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Full text of "History Of The Theory Of Numbers - I"

304                        HlSTOEY OF THE THEORY OF  NUMBERS.                   [CHAP. X
sth powers of the divisors of n whose complementary divisors are even, the excess f '8(n) of the sum of the sth powers of the divisors whose complementary divisors -are odd over that when they are even, and the similar 'functions74 A'a, f  <rg. The seven functions can be expressed in terms of any two:
where the arguments are all n. Since D'8(2k) =<rs(k), we may express all the functions in terms of <r8(n) and <r,(n/2), provided the latter be defined to be zero when n is odd. Employ the abbreviation S/F=SjF/ for
This sum is evaluated when/ and F are any two of the above seven functions with s = 1 (the subscript 1 is dropped).    If
then
By using the first formula in each of two earlier papers,74'75 we get
' = 5D3'(n) -24Sol)' = 2<r3(n) + (1 -3n)(r(n) + (1 -6n)Z)'(n) +8>3'(n).
Hence all 21 functions can now be expressed at once linearly in terms of or3, D3', <r and D'. The resulting expressions are tabulated; they give the coefficients in the products of any two of the series Z*/(n)af, where /is any one of our seven functions without subscript.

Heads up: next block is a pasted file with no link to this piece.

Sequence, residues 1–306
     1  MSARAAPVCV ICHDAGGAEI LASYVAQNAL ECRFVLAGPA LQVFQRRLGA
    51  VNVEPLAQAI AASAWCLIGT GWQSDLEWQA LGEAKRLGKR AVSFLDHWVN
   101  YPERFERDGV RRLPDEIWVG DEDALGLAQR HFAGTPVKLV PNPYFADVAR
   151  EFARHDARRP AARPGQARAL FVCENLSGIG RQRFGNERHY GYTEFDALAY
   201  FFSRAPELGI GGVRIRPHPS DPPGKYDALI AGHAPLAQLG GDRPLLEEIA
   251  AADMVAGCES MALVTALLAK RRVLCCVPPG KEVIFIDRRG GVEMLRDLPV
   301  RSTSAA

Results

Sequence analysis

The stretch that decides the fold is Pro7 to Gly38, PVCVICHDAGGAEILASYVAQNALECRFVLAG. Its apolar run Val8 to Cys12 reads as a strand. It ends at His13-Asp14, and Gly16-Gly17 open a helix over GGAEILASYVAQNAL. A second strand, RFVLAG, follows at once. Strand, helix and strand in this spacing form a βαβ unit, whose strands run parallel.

Glaisher88 gave the values of So"3<rt- for i = 3, 5, 9 and Sor5cr7, where the notation is that of the preceding paper..   Also, if p = n r,
12 2 r/xr(r)er(p) =nV3(n) -nV(n),          S r/(r)F(p) =^2/F.
r-l                                                   r=l                  2
L. Gegenbauer89 gave purely arithmetical proofs of generalizations of theorems obtained by Hermite70 by use of elliptic function expansions.   Let
&(r)= S jfc,           er= S
;-l                        x=l
Then (p. 1059),
The left member is known to equal the sum of the kth powers of all the divisors of 1, 2, . . ., n. The first sum on the right is the sum of the Mi powers of the divisors ^ \/n of 1, . . . , n. Hence if Ak(x) is the excess of the
88Messenger Math., 15, 1885-6, p. 36.
"Sitzungsberichte Ak. Wien (Math.), 92, II, 1886, 1055-78.